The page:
April 30, 2016
One of Ted Cruz’s key arguments is that he can beat Hillary Clinton while Donald Trump is guaranteed to lose to her. It’s easy to see how The Donald could fall short. His overall unfavorable numbers look like George W. Bush after Katrina, Richard Nixon a few weeks before he resigned, or Jimmy Carter when it looked like the hostages would never get out of Iran.
You can speculate Latino Trump supporters might need to enter the witness protection program. He’s taken the traditional GOP gender gap and turned it into the Grand Canyon. Somewhere between 30 and 40 percent of Republicans swear they won’t vote for him in November. Clearly not the safest of nominees.
In order to accept Ted’s thesis, you need to believe two things. One, that Hillary, though flawed, is still a more popular and stronger candidate than Trump. Two, that Cruz isn’t carrying almost or just as much baggage as his favorite frenemy. You can argue (persuasively) that we’re still at least a couple months from finding general election match-up polls predictive.
However, it sure helps Cruz’s cause if said numbers back him up. The perception among many swing Republican primary voters is Trump is the stronger fall candidate. Part of this is the transitive property of politics. If Cruz can’t beat Trump, how is he more likely to beat Hillary? John Kasich suffers even more from the same logic.
If Cruz had the numbers plus an Indiana win in his back pocket, perhaps he could go on a bit of a roll, further improving his position and the willingness of voters to look at numbers instead of just listening to Trump. If.
Instead it appears the opposite is true. Trump is closing the gap with Cruz in this measure. Worst for Ted, it’s partly from Trump doing a little better, and partly from Cruz doing a little worse.
From New Year’s to the middle of March, the Real Clear Politics average showed Cruz was consistently even with or ahead of Hillary. Over the past 4 to 6 weeks, he’s fallen behind. Not by a ton, but now trailing by 3 points on average. The two most recent surveys, from USA Today/Suffolk, and IBD/TIPP are the worst of the pack.
Each have Hillary leading Ted by 7. The USA Today poll surveyed favorability. Cruz checks in at -32 (26/58.) It’s very similar to Trump’s dismal score (28/61) and worse than Clinton’s sub-optimal (37/54.) This is not the stuff dreams of electability are made of.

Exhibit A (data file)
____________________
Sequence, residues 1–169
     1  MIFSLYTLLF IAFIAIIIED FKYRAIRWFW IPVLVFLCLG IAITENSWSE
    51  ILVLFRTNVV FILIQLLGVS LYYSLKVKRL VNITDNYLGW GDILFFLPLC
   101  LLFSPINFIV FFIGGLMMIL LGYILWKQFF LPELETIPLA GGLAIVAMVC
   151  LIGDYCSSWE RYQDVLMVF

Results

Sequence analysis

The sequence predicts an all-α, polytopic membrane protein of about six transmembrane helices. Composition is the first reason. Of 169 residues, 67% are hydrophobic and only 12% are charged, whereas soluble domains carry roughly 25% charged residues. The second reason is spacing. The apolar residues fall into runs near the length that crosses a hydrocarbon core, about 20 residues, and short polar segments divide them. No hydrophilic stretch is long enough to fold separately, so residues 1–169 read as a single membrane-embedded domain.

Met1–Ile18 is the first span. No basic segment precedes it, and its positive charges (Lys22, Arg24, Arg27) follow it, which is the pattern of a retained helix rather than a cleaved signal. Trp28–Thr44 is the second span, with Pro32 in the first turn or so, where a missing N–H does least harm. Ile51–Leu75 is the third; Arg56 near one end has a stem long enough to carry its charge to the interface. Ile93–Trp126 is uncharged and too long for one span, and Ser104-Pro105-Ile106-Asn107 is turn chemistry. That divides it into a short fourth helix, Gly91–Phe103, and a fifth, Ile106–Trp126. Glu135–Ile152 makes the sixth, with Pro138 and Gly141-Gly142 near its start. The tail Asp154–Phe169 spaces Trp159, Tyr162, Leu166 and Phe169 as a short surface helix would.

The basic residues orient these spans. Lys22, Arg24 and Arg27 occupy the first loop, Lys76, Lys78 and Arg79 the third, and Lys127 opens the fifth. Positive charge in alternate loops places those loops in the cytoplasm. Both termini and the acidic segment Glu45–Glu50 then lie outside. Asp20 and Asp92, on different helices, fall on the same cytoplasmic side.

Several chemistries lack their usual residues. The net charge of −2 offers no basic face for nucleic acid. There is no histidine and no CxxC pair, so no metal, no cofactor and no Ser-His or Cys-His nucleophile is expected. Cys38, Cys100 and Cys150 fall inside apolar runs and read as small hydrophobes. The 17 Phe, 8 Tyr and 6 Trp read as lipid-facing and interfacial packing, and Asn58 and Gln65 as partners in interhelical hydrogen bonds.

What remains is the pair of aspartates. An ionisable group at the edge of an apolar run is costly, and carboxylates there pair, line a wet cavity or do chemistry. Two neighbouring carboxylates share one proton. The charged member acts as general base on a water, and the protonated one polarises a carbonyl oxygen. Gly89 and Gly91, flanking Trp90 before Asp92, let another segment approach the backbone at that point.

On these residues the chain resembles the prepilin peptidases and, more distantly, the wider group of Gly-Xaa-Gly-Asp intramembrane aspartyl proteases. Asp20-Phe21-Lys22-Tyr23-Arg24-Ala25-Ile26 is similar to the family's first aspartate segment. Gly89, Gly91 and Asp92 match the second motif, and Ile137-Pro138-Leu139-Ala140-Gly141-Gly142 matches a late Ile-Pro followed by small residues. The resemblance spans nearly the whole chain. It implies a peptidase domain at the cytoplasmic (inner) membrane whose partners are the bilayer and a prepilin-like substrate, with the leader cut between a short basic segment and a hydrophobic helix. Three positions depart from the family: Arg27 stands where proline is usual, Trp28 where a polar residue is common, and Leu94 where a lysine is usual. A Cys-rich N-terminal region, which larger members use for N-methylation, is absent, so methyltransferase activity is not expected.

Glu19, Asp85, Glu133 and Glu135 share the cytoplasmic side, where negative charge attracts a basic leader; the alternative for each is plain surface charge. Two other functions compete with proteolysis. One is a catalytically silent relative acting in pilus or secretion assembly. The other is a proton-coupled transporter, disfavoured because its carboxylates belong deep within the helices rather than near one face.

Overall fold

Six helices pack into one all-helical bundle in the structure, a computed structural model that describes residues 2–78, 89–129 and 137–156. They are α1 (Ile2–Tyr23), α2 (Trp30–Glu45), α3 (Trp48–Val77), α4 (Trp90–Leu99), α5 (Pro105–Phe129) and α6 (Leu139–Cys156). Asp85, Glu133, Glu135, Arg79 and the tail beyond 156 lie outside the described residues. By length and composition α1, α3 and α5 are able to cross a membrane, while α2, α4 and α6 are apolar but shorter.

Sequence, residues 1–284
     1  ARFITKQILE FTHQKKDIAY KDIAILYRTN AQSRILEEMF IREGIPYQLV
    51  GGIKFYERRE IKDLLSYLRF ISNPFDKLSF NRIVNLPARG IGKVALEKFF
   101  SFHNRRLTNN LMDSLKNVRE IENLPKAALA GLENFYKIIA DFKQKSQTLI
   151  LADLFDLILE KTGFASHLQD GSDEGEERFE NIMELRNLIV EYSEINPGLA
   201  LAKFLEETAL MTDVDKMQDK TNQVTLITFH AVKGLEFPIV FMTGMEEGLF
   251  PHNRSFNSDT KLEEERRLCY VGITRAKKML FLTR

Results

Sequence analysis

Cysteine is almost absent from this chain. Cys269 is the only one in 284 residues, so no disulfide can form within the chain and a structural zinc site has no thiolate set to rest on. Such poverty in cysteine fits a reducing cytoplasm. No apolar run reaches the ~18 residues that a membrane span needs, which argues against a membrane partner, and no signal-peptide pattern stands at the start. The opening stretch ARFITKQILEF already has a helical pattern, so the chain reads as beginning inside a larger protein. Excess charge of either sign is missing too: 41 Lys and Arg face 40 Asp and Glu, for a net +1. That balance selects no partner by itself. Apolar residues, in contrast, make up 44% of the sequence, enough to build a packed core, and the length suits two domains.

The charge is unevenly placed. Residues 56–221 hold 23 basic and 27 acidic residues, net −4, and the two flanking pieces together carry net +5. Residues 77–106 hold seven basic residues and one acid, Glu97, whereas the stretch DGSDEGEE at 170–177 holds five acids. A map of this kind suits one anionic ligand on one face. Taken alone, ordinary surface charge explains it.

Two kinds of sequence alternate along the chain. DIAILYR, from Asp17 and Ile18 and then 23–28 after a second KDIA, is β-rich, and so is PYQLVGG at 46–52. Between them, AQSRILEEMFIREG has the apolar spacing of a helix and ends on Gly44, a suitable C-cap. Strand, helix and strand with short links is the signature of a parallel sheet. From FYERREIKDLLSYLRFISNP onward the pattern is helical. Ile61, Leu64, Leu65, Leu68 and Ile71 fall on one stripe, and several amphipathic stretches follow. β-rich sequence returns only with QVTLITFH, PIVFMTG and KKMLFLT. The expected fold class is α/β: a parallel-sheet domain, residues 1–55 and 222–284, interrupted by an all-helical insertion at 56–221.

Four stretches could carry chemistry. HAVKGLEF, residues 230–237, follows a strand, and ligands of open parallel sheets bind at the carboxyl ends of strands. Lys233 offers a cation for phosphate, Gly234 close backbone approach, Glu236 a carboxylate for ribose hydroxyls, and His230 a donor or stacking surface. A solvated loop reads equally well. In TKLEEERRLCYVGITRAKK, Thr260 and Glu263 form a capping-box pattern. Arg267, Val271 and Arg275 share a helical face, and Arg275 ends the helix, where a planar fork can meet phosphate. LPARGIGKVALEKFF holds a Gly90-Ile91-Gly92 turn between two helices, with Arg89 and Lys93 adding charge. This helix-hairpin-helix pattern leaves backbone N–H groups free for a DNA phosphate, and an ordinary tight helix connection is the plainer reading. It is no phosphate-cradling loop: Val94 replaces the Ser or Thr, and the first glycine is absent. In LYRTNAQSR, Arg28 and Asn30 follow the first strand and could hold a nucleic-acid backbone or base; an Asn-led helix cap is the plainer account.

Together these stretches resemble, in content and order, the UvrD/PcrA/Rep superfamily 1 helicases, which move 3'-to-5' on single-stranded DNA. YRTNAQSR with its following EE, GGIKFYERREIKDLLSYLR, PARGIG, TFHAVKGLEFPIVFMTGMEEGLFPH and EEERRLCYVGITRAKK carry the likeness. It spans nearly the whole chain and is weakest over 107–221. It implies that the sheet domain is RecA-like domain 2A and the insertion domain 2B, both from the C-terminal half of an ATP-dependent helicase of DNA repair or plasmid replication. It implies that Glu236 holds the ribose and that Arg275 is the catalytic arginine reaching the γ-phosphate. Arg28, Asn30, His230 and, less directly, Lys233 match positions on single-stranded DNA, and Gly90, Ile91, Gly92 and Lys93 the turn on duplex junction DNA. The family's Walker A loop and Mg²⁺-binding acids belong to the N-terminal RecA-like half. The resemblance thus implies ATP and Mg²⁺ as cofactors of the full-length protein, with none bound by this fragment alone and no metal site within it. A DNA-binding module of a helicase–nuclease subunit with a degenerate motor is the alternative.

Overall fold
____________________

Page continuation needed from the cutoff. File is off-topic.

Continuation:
The same surveys showing Cruz at -7 have Trump at -7 and -11. Clearly not great, but also quite similar. On March 23, Trump hit his nadir in the Real Clear Politics average for the past several months, showing a deficit of just over 11 points. Now he’s trailing by 7. Still not great, but also not unprecedented for an eventual winner.
Instead of scoring 10 to 15 points worse against Clinton than Cruz does, as the data showed from January into March, the difference is now marginal. While you can still argue Cruz would have more success in November than Trump, or at least a higher floor, preventing huge congressional losses, he currently has a slim to nonexistent edge. At least according to the numbers.
Trump has not improved his national favorability numbers over the past several months. Women and Latinos are getting more sure of their opposition, not less. So why is he making halting progress against Hillary, while Cruz is going the wrong way?
The gain against Clinton is more from continuing doubts about her. Trump is stuck in the 40% range in the match-ups. His most recent eight results are between 38 and 41 percent, with a lone 43% outlier. But Hillary can’t move past 50% anymore. As recently as mid-March, she reached 53 and 54 percent.
Her most recent eight results are between 38 and 50. Voters aren’t flocking to Trump yet, but a few extra aren’t sure which of two perceived evils they should support. Unless conditions change, the winning presidential candidate will get their critical margin from voters who DO NOT have a favorable view of them.
Hillary has exceeded 49% against Cruz exactly once in the last 28 national surveys. She’s having a difficult time getting large numbers of voters who dislike her to say they would vote for her against Cruz. The problem for Ted is his declining favorability numbers.
Several weeks ago, voters who were neutral on him and anti-Hillary said they would vote for him. Makes sense right? Better to pick the person who might be the devil than someone you’re sure is. But his numbers are worse now. John Boehner isn’t he only one who thinks he’s Lucifer.
Voters are now either choosing the devil they know better (Hillary) or staying undecided. Where Cruz once had support in the mid-upper 40s against Clinton, he’s now in the 40-42 range, barely higher than Trump. At the moment, neither current data, nor the trend line is Ted’s friend.
NOTE: There’s a new Rasmussen Reports poll, which only covers Clinton/Trump. The result was a 38/38 tie, the best Trump has done in some time. Again, this shows voters being undecided, not flocking to him.
I’d question whether this is truly representative of the current electorate. There’s less of a gender gap than other surveys are showing. African American voters are shown as favoring Clinton 57/18. If Trump were to actually reach this number (even if all undecideds went to Hillary), it would be the best Republican result in more than a generation.
The split on Hispanic/Asian (anyone not white or black) voters was surprising too (44/28.) We need to see similar numbers elsewhere before taking this too seriously, but there’s at least one survey from a reputable pollster that indicates what Trump is saying is true.
In Rasmussen’s world, he’s very competitive with Clinton, has a full quarter of the electorate open to persuasion or wanting to ignore both candidates equally, and has a higher share of minority support than Mitt Romney did. Decide for yourself how to weigh this, but it’s not good news for Cruz.